Reconsider public health restructuring, regional councillors tell province

Waterloo regional councillors voted in committee Tuesday to send a letter to the province about concerns over plans to amalgamate public health boards. The province plans to combine Waterloo region, Wellington-Dufferin-Guelph, Peel region and Halton region into one board. 

Province needs to hear 'this is not an improvement,' regional chair says

The region's community services committee passed a motion Tuesday to send a report to the province with concerns about the implications of the restructuring public health boards in Ontario. (Kirthana Sasitharan/CBC)

Plans by the province to reorganize public health boards will not improve the system, Region of Waterloo Chair Karen Redman says.

Her comments come after the region's community services committee passed a motion Tuesday to send a letter to the province and the minister of health listing concerns about plans to amalgamate public health boards. Regional council also serves as the local board of health.

The current plan by the province would combine Region of Waterloo, Wellington-Dufferin-Guelph, Halton region and Peel region into one board. It would be the largest of the province with total population being served

"This is not a step forward, this is not an improvement," Redman said during a break in the committee meetings. "We would like to see the province reconsider this huge catchment area."

The region recommends seven points in the report that will be forwarded to the province, including advising Premier Doug Ford and Minister of Health Christine Elliott that the current public health system in Waterloo region is already working and they should consider "reducing the total population size and geographical scope" of the new regional public health system, if it goes through.

Coun. Elizabeth Clarke, chair of the committee, said "we can't underestimate the significance of [this] change" on the region.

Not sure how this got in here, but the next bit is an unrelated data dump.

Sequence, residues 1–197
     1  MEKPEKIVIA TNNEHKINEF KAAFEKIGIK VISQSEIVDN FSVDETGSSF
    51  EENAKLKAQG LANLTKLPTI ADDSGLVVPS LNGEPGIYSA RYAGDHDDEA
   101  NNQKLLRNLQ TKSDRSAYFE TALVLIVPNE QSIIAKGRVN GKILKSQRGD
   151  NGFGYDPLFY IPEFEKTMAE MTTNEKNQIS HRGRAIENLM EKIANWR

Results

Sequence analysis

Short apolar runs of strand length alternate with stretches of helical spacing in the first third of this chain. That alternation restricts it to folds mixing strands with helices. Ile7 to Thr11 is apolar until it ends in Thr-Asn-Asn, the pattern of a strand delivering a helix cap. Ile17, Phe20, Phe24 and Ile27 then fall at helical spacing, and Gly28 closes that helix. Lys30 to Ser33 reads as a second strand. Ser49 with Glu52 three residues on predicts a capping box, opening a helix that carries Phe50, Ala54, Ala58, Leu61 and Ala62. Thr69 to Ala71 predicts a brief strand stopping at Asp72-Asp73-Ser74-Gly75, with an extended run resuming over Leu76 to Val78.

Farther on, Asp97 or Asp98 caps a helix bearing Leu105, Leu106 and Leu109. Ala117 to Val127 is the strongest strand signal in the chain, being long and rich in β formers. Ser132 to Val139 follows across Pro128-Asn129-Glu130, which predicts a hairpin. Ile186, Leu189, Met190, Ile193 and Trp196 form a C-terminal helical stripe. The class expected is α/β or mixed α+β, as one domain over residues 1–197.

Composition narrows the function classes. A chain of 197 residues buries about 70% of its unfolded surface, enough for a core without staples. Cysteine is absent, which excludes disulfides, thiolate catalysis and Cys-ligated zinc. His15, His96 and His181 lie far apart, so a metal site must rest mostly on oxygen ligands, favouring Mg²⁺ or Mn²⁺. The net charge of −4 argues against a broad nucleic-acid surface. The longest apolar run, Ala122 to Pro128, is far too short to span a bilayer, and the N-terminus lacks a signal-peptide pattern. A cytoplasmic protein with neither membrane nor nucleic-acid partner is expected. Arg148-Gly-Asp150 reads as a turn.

Restructuring 'won't be money saving'

Redman says the recommendations are meant to point out to the province that there will be unintended consequences. 

"This [restructuring] won't be money saving," Redman said.

"The fear of Waterloo region and other municipalities that have a fully integrated public health service system is that there are so many other benefits that happen by them being integrated whether it's commenting on housing [or] commenting on groundwater." 

The council is also asking the province to integrate municipal representation for the boards of health that are being created, ensure there are appropriate transition periods for the restructuring and reconsidering the planned provincial-municipal cost sharing methods if the restructuring were to go through. 

During committee discussion of the matter, Cambridge Mayor Kathryn McGarry said there's been a lack of discussion around IT systems and how all systems will communicate if this restructuring goes through.

She says there was no work being done on digital records and electronic health records. Redman says the IT requirements is a definite concern. 

"How are we going to integrate that number of people and that number of jurisdictions to make sure that we can triage emerging issues," she says.

Redman says her personal fear with the restructuring is the possible lack of responsiveness and lack of accountability from once the system is changed. 

"It's not just what public health has done and does now, it's about emerging issues that come forward when we can look to public health," she says.

The report highlights it is too early to tell "what the final impact of the province's plans for restructuring and funding changes in the public health sector will be on the regional tax levy." Regional staff expect to know once the transition is complete.

"There is a variety of ways public health is delivered and administered across the province. We know what works for our region and we know the benefits we feel we will lose if we go into this other model," says Region of Waterloo Chair Karen Redman. (Kate Bueckert/CBC)


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